Puzzle RPGs are a somewhat recent innovation in the world of gaming. Reversi Quest forgoes the cliche match three formula and crafts its battle system after the classic board game Othello but does it add up to a worthwhile concoction?
Reversi Quest is played by selecting a chapter on the world map then navigating through a simple board game by rolling dice. Throughout each little dice-rolling adventure, you'll encounter many enemies and battle them in a game of Reversi. However, this isn't your typical Reversi because there are many RPG elements at play as well as varying board shapes. Each playing piece corresponds to a type of unit. Some units specialize in attacking while others can heal your HP and MP. One type can even recruit neutral soldiers that occasionally show up. Eventually, you'll unlock unit types that can perform a combination of these tasks. Deploying soldiers to balance offense and defense while casting the odd spell makes for one satisfying combat system. In the end, the mix of board game and RPG aspects is extremely addictive. v1d30chumz 3-235-176-80
Even though Reversi Quest isn't quite easy on the eyes, it has a certain '90s style to it that made me feel like I was playing an old PlayStation game. This isn't necessarily a bad thing but it's definitely rough around the edges. Character portraits are stereotypical while playing pieces boast colour palettes that are easy to distinguish. The music is composed of standard orchestral pieces that you'd expect from a strategy game but it isn't handled very well. Each track loops with a brief yet noticeable moment of silence which is just plain shoddy. Overall, I enjoy the retro feel but the lack of polish is evident enough that it ends up feeling half-done.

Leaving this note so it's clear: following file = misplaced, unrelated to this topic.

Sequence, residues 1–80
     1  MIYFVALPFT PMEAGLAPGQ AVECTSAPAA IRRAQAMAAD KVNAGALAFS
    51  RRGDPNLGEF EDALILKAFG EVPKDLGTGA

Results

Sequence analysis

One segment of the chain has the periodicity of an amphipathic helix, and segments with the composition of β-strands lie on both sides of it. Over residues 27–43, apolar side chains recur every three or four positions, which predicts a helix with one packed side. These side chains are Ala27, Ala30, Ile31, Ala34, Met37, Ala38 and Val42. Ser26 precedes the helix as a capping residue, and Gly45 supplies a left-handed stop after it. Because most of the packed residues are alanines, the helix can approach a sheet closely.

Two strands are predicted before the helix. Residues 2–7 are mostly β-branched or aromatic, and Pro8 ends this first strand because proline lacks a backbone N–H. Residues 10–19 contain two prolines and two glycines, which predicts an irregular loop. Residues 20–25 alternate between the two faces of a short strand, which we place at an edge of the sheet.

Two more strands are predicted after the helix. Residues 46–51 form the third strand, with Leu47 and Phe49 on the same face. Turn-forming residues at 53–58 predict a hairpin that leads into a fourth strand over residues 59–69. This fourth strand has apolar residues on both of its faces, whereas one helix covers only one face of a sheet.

As you progress through the chapters, you'll slowly grow your army into a powerful force. Gaining experience points and levelling up increases your maximum HP and army size. Defeating certain foes and accomplishing various tasks rewards you with equipment, useable items, and new unit types. Additionally, you can upgrade equipment and units the same way that you earn them. Optimizing your party is a rewarding process that involves selecting what unit types, equipment, and spells that you want. Items consist of objects that you can trade in for points or gold, heal potions, and dice that vary in number of sides. Landing on spaces in each chapter map can uncover shops, shortcuts, and items if you don't end up battling a foe. The deep customization system can be extremely rewarding once you configure your party to start slicing through enemies with ease. It may take some time, but it's very worth it.
The most annoying part of Reversi Quest is that grinding is necessary in order to progress. Not only do chapters get exponentially more difficult, further chapters remain locked until you perform tasks that sometimes require you to replay chapters a few times in order to accomplish. If the difficulty was more gradual and these silly locks weren't in place then the campaign would be a lot more enjoyable. Speaking of difficulty, I can imagine that the learning curve may be a bit too steep for those unfamiliar with Reversi or strategy games in general. The deficient tutorial complete with broken English just isn't enough to help those who would need it.
As a long-time fan of both Othello and strategy RPGs, I enjoyed Reversi Quest quite a lot. That being said, those who aren't a part of its niche will probably have too high of a hurdle to overcome for it to be a worthwhile game.
- + Addictive mix of Reversi and RPG elements
- + Boasts an interesting '90s vibe
- + In-depth party customization is elaborate and involving yet ultimately rewarding
- - Too much grinding is required
- - Presentation could use more polish
- - Learning curve can be too steep for those unfamiliar with its influences